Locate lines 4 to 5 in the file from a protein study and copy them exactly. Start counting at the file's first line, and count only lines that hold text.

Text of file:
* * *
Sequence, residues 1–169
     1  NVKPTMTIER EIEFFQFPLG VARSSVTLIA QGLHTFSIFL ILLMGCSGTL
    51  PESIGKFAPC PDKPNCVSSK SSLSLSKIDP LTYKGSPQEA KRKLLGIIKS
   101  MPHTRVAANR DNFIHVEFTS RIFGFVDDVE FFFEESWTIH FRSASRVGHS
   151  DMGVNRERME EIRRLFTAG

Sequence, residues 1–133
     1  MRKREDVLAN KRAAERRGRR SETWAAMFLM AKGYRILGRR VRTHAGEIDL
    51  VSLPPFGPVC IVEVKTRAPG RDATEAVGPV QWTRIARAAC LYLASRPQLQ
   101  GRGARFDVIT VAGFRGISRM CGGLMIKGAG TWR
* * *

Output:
   101  MPHTRVAANR DNFIHVEFTS RIFGFVDDVE FFFEESWTIH FRSASRVGHS
   151  DMGVNRERME EIRRLFTAG